Tuesday, March 27, 2018

Collateral: A Complicated Crime

Not a day goes by when someone tells me about a new Netflix original that I must watch. Netflix is churning these things out like there's no tomorrow, and one has to be extremely choosy about the next binge watch because there are only so many hours in the day. However, thanks to my colleague Ron's recommendation, I offer up for your perusal, Collateral, a BBC Two series that is available to us Americans on Netflix. Consisting of a tight four episodes, it is a limited time commitment for maximum entertainment. It's what we crave.

This show must be a conservative Englishman's nightmare because it very much feels like a response to Brexit and the increasingly racist far-right rhetoric sweeping Europe these days. While it starts off as a seemingly simple murder mystery, things quickly escalate to reveal that there is absolutely nothing simple about the murder of a pizza delivery man who turned out be a Syrian refugee illegally living in the United Kingdom. Starring Carey Mulligan as Kip Glaspie, the lead detective in charge of the case, there are a host of characters that get pulled into the unfolding drama, including a vicar, a liberal MP, an MI-5 agent, a single mother with something to hide, and a soldier. Every scene of this show offers up a new twist and a slew of red herrings, and watching Kip make sense of this tangled web is an unceasing pleasure for the 4-hour runtime.

The politics at play are endlessly fascinating as you watch exceedingly conservative characters who think all immigrants are dangerous butt heads with the bleeding heart liberals who want to find a home for every refugee. Written by noted playwright and Oscar-nominated screenwriter David Hare, and directed by S. J. Clarkson, this show is decidedly on the side of the liberals, but it makes its case strongly, highlighting the current plight of British immigrants and those who have fallen through the cracks in an increasingly fractured and privatized system. This is a show that exposes how immigration policy affects everyone from the higher echelons of government to the lowest rungs of society, and makes a plea for all of us to be more empathetic and understanding before we simply dismiss an entire population of people in need.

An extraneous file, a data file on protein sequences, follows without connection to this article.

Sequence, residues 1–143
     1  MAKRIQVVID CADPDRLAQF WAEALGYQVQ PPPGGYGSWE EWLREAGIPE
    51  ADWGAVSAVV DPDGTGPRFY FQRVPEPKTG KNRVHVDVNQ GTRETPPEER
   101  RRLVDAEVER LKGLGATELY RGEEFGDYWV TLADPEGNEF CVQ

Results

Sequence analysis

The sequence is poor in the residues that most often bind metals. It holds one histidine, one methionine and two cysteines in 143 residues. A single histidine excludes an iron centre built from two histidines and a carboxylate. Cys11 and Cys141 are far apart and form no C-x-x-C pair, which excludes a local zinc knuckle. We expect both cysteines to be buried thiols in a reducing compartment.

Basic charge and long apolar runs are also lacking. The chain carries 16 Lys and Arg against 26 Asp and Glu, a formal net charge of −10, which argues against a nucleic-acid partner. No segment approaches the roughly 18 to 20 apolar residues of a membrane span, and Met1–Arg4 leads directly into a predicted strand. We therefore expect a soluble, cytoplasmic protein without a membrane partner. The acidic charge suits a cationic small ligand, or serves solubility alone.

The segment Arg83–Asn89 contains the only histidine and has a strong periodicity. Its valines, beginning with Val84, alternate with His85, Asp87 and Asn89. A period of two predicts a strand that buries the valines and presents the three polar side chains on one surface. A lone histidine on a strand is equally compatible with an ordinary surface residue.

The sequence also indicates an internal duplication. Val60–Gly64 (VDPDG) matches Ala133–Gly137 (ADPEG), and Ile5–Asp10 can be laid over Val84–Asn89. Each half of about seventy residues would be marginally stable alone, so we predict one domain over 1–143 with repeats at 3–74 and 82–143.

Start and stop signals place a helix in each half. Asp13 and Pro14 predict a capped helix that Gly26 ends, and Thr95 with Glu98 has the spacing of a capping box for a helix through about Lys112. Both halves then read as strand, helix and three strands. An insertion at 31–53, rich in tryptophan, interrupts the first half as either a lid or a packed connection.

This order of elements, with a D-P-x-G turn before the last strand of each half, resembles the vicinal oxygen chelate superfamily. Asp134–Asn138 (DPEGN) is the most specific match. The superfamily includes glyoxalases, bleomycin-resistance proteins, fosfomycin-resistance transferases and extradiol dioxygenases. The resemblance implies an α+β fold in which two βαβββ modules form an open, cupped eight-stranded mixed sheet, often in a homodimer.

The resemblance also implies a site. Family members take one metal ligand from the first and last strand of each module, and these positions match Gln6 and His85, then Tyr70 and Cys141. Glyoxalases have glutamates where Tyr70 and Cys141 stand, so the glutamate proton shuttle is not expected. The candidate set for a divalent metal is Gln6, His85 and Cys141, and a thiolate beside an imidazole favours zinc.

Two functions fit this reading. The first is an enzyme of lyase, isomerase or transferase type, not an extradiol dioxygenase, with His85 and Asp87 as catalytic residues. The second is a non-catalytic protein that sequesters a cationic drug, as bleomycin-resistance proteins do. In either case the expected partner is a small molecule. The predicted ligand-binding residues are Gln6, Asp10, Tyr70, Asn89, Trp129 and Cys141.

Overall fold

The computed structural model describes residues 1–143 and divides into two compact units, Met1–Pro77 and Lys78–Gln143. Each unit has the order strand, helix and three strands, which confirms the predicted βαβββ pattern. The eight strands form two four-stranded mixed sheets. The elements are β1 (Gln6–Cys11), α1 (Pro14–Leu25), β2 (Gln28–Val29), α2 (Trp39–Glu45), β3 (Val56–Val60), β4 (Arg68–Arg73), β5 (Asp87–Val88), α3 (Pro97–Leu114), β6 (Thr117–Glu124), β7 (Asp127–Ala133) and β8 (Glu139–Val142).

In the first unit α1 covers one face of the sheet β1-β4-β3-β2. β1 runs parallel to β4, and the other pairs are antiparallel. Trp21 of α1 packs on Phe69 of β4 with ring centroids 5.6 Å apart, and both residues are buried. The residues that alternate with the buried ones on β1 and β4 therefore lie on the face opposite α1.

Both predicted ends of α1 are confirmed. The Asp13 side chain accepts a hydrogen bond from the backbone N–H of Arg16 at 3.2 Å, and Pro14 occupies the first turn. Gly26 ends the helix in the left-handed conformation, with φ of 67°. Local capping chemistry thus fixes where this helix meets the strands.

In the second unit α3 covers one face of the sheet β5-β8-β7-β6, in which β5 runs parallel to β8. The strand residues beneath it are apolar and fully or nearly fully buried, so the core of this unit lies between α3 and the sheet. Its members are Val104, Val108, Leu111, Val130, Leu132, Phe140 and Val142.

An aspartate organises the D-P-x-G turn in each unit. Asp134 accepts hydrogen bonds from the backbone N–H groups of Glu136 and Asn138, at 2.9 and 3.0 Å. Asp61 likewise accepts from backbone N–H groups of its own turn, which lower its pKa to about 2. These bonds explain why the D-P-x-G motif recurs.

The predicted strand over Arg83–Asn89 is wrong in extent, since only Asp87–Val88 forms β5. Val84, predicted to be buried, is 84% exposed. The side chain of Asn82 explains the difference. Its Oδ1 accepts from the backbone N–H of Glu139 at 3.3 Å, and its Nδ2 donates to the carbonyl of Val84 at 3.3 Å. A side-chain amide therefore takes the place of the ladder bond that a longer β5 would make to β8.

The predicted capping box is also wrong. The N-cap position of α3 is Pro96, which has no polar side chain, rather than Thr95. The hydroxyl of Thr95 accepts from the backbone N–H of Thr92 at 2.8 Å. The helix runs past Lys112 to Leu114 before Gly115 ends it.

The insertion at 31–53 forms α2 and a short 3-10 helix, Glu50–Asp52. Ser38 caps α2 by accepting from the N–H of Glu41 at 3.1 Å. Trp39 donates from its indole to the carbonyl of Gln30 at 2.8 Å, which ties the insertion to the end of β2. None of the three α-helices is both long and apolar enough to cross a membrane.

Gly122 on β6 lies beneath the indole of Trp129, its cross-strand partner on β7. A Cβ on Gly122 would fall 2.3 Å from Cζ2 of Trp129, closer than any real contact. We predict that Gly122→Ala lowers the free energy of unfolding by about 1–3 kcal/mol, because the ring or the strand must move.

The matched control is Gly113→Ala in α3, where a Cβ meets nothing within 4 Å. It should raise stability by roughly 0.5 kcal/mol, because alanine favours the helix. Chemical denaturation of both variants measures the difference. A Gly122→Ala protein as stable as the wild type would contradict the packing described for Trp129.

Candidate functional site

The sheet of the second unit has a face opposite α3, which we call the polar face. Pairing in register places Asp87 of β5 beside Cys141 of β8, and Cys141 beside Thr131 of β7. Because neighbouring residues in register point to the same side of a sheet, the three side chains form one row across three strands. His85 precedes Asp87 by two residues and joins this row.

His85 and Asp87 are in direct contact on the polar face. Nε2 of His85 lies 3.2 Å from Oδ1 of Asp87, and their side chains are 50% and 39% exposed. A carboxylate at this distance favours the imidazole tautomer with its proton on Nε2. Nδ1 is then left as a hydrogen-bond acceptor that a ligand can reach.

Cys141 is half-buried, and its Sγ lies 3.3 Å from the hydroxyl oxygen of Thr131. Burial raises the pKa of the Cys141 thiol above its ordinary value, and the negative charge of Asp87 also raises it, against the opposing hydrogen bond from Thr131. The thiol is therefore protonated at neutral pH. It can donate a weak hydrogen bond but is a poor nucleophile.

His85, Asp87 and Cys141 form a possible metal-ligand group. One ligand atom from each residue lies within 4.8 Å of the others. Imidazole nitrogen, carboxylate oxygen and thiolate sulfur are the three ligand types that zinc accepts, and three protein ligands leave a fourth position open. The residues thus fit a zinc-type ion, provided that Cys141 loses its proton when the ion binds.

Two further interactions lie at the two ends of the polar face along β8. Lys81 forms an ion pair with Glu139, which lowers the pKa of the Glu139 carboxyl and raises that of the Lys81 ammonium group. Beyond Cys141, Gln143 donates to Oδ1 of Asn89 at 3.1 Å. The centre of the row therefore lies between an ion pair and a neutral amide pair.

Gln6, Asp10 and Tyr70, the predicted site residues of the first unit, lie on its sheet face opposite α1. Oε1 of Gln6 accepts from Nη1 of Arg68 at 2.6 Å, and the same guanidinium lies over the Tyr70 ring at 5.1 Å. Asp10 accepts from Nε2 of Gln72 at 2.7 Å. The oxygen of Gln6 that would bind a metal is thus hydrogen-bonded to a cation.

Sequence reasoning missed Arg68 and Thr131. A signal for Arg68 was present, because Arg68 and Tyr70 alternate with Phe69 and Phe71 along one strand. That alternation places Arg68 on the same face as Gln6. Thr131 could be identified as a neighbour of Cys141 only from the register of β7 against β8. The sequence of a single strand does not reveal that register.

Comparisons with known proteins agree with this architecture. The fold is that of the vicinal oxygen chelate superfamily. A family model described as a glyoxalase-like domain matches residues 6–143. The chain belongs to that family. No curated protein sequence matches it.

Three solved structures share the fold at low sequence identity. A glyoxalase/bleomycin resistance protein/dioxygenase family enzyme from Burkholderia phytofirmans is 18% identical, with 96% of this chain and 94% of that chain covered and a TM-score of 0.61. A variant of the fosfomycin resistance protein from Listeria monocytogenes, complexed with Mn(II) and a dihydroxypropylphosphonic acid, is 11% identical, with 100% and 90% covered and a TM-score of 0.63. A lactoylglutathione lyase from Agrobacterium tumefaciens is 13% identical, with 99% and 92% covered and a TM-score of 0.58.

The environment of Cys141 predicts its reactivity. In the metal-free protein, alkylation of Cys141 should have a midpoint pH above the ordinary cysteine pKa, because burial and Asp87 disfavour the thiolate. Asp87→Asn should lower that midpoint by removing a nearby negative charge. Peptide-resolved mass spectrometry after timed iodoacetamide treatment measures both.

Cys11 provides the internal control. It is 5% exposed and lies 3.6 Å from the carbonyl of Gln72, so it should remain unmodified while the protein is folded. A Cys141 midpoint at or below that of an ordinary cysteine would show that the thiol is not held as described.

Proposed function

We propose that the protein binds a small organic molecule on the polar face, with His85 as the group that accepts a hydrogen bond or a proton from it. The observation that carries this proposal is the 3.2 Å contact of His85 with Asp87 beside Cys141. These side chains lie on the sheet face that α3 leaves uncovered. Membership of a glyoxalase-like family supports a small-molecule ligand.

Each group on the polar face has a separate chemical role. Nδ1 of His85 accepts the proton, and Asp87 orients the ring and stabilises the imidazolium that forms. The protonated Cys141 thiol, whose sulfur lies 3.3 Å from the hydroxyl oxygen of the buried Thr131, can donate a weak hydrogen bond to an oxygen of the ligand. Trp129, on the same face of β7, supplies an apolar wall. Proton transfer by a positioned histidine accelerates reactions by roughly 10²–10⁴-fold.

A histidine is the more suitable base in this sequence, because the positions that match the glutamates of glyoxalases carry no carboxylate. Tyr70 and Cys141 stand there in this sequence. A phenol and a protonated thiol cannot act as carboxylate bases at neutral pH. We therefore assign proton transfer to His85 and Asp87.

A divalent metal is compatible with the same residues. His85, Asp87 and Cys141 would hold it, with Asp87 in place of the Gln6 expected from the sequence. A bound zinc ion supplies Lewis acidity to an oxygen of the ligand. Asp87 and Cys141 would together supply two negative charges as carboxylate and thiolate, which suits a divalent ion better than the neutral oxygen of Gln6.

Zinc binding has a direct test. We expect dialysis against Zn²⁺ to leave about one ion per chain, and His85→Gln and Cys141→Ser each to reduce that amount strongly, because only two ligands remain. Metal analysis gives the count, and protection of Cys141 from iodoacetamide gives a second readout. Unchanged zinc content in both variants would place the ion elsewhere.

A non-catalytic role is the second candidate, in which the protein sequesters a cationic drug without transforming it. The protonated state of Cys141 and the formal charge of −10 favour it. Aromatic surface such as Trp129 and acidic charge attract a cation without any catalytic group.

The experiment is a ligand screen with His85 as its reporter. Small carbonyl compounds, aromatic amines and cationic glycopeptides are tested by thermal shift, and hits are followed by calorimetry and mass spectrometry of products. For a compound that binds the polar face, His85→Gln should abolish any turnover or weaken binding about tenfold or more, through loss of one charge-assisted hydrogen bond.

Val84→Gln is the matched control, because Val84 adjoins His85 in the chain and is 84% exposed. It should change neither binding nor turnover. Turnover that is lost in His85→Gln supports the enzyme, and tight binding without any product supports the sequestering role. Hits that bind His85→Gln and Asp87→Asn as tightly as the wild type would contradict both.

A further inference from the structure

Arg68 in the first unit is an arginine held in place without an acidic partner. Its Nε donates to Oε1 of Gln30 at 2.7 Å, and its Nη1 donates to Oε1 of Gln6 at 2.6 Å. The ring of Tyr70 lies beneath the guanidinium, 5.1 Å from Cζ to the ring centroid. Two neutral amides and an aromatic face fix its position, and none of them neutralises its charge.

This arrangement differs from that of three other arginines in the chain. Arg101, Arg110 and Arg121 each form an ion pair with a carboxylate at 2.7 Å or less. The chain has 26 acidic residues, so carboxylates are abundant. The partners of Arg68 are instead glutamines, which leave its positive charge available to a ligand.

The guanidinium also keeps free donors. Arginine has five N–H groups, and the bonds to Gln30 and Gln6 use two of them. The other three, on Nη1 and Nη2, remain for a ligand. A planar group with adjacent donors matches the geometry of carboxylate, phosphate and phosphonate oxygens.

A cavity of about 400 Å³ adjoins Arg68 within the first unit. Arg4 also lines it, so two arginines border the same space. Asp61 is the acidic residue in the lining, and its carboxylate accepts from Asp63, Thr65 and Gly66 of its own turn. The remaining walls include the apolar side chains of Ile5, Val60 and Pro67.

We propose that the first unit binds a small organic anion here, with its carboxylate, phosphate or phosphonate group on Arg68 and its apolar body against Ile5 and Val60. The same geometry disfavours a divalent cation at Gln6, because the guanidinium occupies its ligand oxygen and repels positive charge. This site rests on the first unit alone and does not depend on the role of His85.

I can't go into more detail as Collateral is one of those sumptous shows that surprises you with every turn and is so intricately plotted that even giving away one thread would lead to diminished enjoyment of the whole. So settle down on the couch, pull up your Netflix queue, and settle in for four hours of quality British drama with an incredible cast, taut storyline, and magnificent production values. You won't be able to stop. 

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